According to financial figures Fellman offered, the Holiday Inn Express saw per-room revenue drop 9 percent this year, mostly thanks to a 10 percent drop in room rates to $106 a night.


The overall gloom surrounding the hotel industry brings an advantage to the limited-service hotels. Since they cost less to open, developers can more easily fund them in a climate where lending is extremely tight. And now they can snatch up more properties at bargain prices.

Finvarb's father, Richard, opened the family's first hotel, a Courtyard in South Beach, on Sept. 12, 2002. It was ready on the day before but Finvarb didn't want to share the moment with the infamous anniversary.

The renovation of the 1945 property on 15th Street and Washington Avenue was underway on the day of the terrorist attacks, and "there was a time when we discussed whether to just stop construction" on the project, the younger Finvarb said. A series of hotel deals followed, and now the family owns four Residence Inns and four Courtyards, including one in Fort Lauderdale. They also recently opened a Springhill Suites in Miami's hospital district, though Finvarb doesn't pretend to be bullish on the portfolio's short-term prospects.

"We're sucking wind like everyone else," said Finvarb, 41. "But we're able to hold our own because it's an efficient business model."

"I don't want to say we're scavengers, but the leftovers from the [expensive hotels] help us grow our business," Finvarb said. "We can't survive independent of the full-service hotels. We need the big dogs to come back."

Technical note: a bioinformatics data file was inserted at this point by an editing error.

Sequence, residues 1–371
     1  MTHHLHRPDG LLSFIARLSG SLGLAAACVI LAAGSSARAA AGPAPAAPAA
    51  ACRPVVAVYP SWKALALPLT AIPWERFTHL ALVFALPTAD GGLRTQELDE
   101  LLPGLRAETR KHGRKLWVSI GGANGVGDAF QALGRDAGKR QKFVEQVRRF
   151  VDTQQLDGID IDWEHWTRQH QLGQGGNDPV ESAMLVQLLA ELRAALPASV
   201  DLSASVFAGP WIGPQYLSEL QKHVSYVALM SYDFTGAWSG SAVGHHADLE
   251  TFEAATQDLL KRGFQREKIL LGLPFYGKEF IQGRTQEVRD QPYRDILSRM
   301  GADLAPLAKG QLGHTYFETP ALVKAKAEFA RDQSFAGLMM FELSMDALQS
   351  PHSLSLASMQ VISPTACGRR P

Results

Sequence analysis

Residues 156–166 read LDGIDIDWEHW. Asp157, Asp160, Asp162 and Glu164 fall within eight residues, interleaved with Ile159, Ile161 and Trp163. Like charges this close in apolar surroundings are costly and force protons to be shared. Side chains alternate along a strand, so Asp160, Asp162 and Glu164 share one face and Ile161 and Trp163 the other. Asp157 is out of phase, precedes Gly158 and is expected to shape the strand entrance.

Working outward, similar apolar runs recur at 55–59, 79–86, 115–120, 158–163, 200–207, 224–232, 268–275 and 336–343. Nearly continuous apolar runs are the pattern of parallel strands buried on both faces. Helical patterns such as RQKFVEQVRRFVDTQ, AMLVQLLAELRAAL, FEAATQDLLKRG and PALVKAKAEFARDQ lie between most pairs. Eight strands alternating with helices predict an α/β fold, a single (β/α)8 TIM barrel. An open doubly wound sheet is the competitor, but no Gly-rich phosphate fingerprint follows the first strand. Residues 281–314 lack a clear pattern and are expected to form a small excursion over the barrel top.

The Finvarb Group paid $13 million for the old the Doubletree Coconut Grove. Owned by a General Electric pension fund, the 196-room property needed serious repairs.


Finvarb is spending about $10 million to fix the property and comply with Courtyard brand standards.

The restaurant will be replaced with a combination breakfast buffet and bistro, where guests can buy food to go. There will be no room service and at dinner there will be hot meals but no table service.

When the hotel industry was booming, Finvarb still saw profits from Courtyard's pared-down amenities -- and saw good returns from his family's other Courtyards.

He thought the Grove had room for another limited-service hotel take on the Hampton Inn. In fact, he made a bid on the Doubletree three years ago -- at 65 percent more than what he paid for it this year.

"My grandfathers must be looking over me," he said. "Because I would have been eating [it] right now."